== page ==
SALT LAKE CITY — Another round of storms made its way across Utah Sunday, resulting in flash floods and flooded streets.
Multiple areas throughout the state measured over an inch of rain as of Sunday night:
- 2.83 inches in the upper Avenues area of Salt Lake City
- 2.76 inches in east Bountiful
- 2.14 inches in Stansbury Park
- 1.79 inches at the University of Utah
- 1.56 inches in east Farmington
- 1.11 inches at Olympus Cove
- 1.01 inches in Tooele
The National Weather Service issued multiple flash flooding warnings throughout the day for areas including Davis, Emery, Garfield and Wayne counties.
Earlier in the day, Enoch in southern Utah experienced a flash flood emergency, causing the city to issue a state of emergency. The mayor said 2.5 to 4 inches of rain fell in the space of two hours and more than 200 families were affected by the weather.
"This looked like the Mississippi River had come into our community," said Rob Dotson, the city manager of Enoch in Iron County.
The American Red Cross set up an evacuation center at a church at 61 N. 900 West in Cedar City for residents impacted by floods in both cities.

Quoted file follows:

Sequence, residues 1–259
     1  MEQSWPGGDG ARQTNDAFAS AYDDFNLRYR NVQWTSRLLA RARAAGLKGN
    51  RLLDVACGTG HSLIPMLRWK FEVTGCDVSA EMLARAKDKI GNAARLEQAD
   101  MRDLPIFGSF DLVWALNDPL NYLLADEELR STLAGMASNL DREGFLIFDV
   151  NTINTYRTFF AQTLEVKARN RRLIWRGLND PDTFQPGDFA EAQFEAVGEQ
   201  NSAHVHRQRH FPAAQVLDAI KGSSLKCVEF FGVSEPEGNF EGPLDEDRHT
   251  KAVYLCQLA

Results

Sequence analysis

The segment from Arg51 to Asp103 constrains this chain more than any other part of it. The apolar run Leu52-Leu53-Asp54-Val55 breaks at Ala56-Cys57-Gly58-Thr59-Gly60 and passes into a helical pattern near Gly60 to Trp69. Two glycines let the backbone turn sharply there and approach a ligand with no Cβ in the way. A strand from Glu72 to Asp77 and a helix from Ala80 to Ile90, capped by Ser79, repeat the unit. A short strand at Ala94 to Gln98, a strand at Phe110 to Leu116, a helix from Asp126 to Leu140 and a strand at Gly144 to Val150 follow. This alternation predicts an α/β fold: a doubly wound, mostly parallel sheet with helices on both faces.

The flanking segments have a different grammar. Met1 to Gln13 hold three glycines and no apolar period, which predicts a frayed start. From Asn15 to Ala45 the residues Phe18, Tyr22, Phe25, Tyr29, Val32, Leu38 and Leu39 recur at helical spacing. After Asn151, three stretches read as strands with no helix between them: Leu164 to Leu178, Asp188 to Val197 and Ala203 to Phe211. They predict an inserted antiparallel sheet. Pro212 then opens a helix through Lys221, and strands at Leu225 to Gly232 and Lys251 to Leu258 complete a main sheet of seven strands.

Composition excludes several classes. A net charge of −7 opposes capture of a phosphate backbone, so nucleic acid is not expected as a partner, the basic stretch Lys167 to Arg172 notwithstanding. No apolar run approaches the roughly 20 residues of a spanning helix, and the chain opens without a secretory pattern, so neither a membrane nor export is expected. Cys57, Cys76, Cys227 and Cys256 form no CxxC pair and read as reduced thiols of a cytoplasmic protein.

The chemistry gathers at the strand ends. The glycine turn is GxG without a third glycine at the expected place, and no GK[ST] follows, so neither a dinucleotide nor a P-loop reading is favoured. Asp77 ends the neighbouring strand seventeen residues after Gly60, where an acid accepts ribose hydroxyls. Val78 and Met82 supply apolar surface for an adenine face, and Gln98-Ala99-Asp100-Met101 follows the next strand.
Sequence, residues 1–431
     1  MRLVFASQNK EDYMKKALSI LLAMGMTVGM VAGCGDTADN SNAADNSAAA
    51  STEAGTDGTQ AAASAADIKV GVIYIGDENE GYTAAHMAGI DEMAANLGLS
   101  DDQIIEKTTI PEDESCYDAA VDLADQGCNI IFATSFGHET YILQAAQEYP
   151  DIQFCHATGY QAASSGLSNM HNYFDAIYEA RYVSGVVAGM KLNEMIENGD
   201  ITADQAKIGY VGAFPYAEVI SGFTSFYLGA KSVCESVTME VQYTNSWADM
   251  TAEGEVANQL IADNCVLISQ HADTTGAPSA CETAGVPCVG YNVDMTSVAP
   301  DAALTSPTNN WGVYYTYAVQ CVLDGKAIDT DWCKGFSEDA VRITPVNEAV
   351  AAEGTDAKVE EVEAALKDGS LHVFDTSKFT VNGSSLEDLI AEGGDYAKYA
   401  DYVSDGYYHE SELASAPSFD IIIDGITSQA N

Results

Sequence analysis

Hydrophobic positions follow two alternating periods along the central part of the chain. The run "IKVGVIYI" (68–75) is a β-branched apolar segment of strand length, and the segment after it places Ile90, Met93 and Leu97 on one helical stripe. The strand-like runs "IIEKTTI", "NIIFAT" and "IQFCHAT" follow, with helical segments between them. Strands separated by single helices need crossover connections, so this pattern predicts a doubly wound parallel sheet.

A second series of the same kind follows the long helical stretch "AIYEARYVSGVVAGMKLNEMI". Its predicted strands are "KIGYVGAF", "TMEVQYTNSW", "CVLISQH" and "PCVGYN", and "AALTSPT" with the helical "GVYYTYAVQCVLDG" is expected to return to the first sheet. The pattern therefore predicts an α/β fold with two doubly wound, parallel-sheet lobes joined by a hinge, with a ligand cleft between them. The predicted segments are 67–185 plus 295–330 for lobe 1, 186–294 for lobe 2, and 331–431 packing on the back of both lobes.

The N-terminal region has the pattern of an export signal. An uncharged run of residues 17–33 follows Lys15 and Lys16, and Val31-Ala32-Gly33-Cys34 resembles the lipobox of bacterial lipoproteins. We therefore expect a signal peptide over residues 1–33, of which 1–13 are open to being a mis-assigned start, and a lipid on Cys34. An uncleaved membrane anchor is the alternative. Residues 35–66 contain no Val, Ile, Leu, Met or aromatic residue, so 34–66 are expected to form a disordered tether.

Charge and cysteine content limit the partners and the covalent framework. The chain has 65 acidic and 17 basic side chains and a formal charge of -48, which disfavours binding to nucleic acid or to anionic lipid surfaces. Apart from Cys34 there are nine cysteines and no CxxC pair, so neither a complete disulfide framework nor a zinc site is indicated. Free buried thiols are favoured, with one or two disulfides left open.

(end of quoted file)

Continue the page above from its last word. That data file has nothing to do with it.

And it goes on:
In Tooele County, 34 houses, three city facilities and three businesses were damaged after a flash flood at 6:30 p.m. Assistant County Manager Britany Lopez said 2.7 inches of rain fell in the area. Residents were encouraged to call 435-833-8155 if they need sandbags or want someone to come assess the damage at their home.
The county also closed Settlement and Middle canyons for the night.
Bountiful police warned of potential flooding on Facebook and directed residents to call 801-298-6299 for info about flooding and sandbags.
Stockton police in Tooele County told people to stay away from Soldier Canyon because of "major" flooding.
"We are seeing way too many videos of cars driving through flood waters. We don't say this for kicks ... TURN AROUND, DON'T DROWN!" the agency tweeted.
8:10 pm - Heavy rain is just about everywhere in the Salt Lake Valley! You don't see this everyday. Heavy rain, flash flood and reduced visibility are threats in the near term! #UTwxpic.twitter.com/txRmg3ri6r— NWS Salt Lake City (@NWSSaltLakeCity) August 2, 2021
Contributing: Tania Dean, KSL-TV